The diversification of the work force, and of the country over all, are likely to increase demand for coaching and education services in languages other than English and even Spanish. Offering languages beyond these would potentially broaden access to information for some injured workers. Understanding and speaking, where possible, workers’ languages is part of viewing them as whole people. By speaking their language, we can increase the likelihood that injured workers will make informed decisions and improve their health literacy.
Even speaking workers’ native languages, however, isn’t enough on its own. It is important to simultaneously work to reinforce clinical competencies. By continually looking to improve the services we wrap around injured workers, we can boost the likelihood of a timely and successful return-to-work.
We can get to know workers by knowing what’s affecting them
All of these efforts are designed around the idea that meeting workers where they are and understanding the challenges they face gives us the best chance at helping them achieve the best-possible outcomes.
If we have deeper knowledge of the circumstances that surround injured workers we can intervene in ways that are more impactful. Plus, we know how important trust is in workers’ recoveries.
Most injured workers will appreciate that we’re showing interest in their circumstances. Beyond knowing about the hurdles that might be present, it’s important for workers to simply know we want to know. Understanding the social determinants of health affecting workers is crucial to understanding workers and to seeing their path to recovery.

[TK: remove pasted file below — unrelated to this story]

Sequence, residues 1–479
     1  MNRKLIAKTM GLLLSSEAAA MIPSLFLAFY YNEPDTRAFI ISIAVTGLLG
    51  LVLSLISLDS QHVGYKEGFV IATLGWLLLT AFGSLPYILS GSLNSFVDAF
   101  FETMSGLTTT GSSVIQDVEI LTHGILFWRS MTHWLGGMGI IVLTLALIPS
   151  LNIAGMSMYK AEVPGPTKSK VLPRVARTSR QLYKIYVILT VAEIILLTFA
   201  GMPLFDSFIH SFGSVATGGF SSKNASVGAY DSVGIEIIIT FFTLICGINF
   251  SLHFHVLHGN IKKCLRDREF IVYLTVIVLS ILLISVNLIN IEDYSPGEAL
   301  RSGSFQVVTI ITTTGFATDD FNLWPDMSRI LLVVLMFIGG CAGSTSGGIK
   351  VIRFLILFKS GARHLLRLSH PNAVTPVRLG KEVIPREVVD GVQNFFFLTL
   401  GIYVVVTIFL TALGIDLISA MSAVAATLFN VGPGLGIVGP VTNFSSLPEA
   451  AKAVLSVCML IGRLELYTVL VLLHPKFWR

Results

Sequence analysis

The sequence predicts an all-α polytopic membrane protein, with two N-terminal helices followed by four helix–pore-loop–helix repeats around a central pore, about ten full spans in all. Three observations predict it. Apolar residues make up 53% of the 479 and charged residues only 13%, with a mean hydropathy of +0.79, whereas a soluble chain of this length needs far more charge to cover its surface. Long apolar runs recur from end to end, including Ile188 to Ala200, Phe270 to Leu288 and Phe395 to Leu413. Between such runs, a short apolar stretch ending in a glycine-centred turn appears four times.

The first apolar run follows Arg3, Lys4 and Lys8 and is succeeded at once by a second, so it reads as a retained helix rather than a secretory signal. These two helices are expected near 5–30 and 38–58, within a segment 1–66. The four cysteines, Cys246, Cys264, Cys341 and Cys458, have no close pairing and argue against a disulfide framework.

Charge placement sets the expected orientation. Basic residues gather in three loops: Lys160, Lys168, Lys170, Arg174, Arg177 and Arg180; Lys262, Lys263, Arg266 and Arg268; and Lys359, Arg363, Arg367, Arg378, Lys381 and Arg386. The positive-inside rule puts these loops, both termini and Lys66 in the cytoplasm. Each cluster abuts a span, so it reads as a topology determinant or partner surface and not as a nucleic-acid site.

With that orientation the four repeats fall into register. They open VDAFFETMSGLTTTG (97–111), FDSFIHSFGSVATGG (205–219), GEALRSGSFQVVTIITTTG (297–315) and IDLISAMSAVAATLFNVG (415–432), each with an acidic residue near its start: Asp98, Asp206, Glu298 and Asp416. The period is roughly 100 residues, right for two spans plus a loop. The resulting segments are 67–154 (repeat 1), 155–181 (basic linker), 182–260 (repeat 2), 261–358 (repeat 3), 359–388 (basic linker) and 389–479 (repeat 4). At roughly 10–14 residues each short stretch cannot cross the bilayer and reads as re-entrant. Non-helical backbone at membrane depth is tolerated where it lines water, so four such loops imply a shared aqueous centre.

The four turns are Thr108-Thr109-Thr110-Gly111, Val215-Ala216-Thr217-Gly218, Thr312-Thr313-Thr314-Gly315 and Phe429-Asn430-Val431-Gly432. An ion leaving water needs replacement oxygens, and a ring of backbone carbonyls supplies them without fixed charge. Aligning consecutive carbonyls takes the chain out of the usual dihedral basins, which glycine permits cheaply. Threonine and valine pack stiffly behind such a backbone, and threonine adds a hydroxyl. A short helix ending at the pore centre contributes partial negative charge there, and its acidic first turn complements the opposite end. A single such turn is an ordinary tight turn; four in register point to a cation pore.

About Tammy Bradly
Tammy Bradly is vice president of clinical product development for Coventry. Bradly is a certified case manager with more than 25 years of comprehensive industry experience through service delivery, operations management, and product development. She holds several national certifications, including certified case manager (CCM), certified rehabilitation counselor (CRC), certified program disability manager (CPDM), and critical incident stress management (CISM).
Coventry offers workers’ compensation care-management and cost-containment solutions for employers, insurance carriers, and third-party administrators. With roots in both clinical and network services, Coventry leverages more than 35 years of industry experience, knowledge, and data analytics. As a part of the specialty division of Aetna our mission is returning people to work, to play, and to life. And our care-management and cost-containment solutions do just that. Our networks, clinical solutions, specialty programs, and business tools will help you focus on total outcomes.
Coventry is a WorkCompWire ad partner.
This is not a paid placement.